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Just before Christmas, I was fortunate enough to share a few moments with a gentleman I know.  A man who I have an incredible amount of respect for as a thoroughly decent human being, an incredible musician, a humanitarian, a recipient of an Amnesty International award, a man who has worked tirelessly in pursuit of levelling the playing field for the downtrodden in our global society, and above all a humble man.

This man is Martyn Joseph.

Martyn has been a professsional in the music industry for the best part of 35 years.  However, a large proportion of his amazing work falls under the radar of mass attention.

While being a songwriter and a poet myself, I have followed Martyn’s career, seen him play more times than I can count, and each time have been left with a significant pause for thought.  When asked by my friends, about this ‘geezer’ and his music, I have always come back to the common element of describing Martyn as a man whose music has significant social conscience.

Martyn is an inspiration to me, pure and simple.

Food for thought

By contrast, a few days ago, whilst doing the chores required by ‘just an ordinary bloke’, I was at my local supermarket at the ungodly hour of 07.00am … hurtling around like a greyhound … let’s face it people, this is really not the most joyous task of one’s existence, is it?!  So, my unilateral focus is to have my list in hand, not to be distracted by anything and go in like a special ops military unit, ready for ‘extraction’ 10 minutes after ‘insertion’!  I think you probably get the picture!

Anyway, having collected the items I needed, I headed for the first human checkout I could find.  It was a lady, probably in her late fifties or early sixties.  I don’t know her name but as I am in the store frequently, faces become familiar so I approached the checkout and greeted the lady.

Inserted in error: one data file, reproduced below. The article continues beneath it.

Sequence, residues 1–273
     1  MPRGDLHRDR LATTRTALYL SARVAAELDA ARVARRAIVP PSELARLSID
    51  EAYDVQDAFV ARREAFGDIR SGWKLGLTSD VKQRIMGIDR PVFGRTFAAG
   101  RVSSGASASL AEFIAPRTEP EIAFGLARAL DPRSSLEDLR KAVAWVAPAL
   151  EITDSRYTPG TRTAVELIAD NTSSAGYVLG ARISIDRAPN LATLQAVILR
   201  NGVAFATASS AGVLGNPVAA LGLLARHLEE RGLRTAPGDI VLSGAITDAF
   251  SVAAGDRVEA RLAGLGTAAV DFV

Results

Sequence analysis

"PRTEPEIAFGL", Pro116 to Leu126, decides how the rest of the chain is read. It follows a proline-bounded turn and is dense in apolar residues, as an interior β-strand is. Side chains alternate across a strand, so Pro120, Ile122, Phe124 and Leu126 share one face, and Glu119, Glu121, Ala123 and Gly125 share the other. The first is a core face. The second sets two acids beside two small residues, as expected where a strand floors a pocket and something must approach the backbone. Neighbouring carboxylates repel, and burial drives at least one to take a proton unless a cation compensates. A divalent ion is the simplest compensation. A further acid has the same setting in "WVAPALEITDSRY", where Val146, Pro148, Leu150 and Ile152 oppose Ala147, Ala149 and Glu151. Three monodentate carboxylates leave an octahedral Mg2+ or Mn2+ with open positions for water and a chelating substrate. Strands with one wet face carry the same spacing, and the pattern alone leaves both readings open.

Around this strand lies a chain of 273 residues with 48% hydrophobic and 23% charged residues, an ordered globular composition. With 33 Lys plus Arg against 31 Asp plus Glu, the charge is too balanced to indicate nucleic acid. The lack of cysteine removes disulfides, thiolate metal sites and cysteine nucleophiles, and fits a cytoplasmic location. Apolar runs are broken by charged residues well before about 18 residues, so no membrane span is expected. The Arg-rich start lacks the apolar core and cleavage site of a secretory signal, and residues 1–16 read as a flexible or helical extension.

“Good Morning, how are you doing?” I said.

 “Fine, did you have a good Christmas?” she replied.

 “Yes thanks and yourself?”

 “Yes thanks …” and then she continued in a very serious tone, “I’m afraid the stage I am at now, the only thing I think about is myself and my kids.  I am not interested in any of the world’s problems or charities or anything that doesn’t affect me”.

I was stunned, well to be honest I was speechless, which was probably a good thing.  I carried on listening as I was packing my shopping, but to be truthful I don’t recall anything else she said because I was so blown away by her statement.  Now I don’t believe the lady is excessively rich, but from previous conversations, I know she has a holiday home in Florida and probably has a very comfortable lifestyle, and works at the supermarket, probably for ‘pin money’.  I left the supermarket, wishing the lady a Happy New Year, and continued to think on her words.

Arriving home, this short interaction played on my mind with such tenacity that I simply felt I had to write about it.  I am not going to write about what I concluded after much thought; I will let you good folks reach your own conclusions about this.

A few days later, while with my best mate, we shared a few humorous memories of when, as kids aged 12, we used to be milk boys.  For myself, I would get up at 03.30 am Saturdays and Sundays and work in total for about 20 hours, and get paid two quid.  Part of my round was on a very posh estate and the other half was on a council estate.  I did this for about three years and, at Christmas, never once got a tip from the folks in the ‘big houses’ … but I would often get a 10p tip from folks on the council estate.

I suppose the only conclusion I can draw from this, for myself, is that there is a big world which, in today’s society, is right on my doorstep.  I simply cannot turn away from that, neither do I wish to.  If that means going to places where I can simply play a few songs for kids in a refugee camp and give them some temporary relief, or a reason to smile, then I am compelled to do so.

I wish you all peace, love and hope,


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